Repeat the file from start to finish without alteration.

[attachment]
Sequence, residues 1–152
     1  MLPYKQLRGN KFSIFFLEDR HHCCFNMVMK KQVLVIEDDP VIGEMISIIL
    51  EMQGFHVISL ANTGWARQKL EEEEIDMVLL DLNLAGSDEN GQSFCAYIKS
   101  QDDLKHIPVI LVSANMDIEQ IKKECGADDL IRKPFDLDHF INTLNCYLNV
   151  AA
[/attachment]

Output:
Sequence, residues 1–152
     1  MLPYKQLRGN KFSIFFLEDR HHCCFNMVMK KQVLVIEDDP VIGEMISIIL
    51  EMQGFHVISL ANTGWARQKL EEEEIDMVLL DLNLAGSDEN GQSFCAYIKS
   101  QDDLKHIPVI LVSANMDIEQ IKKECGADDL IRKPFDLDHF INTLNCYLNV
   151  AA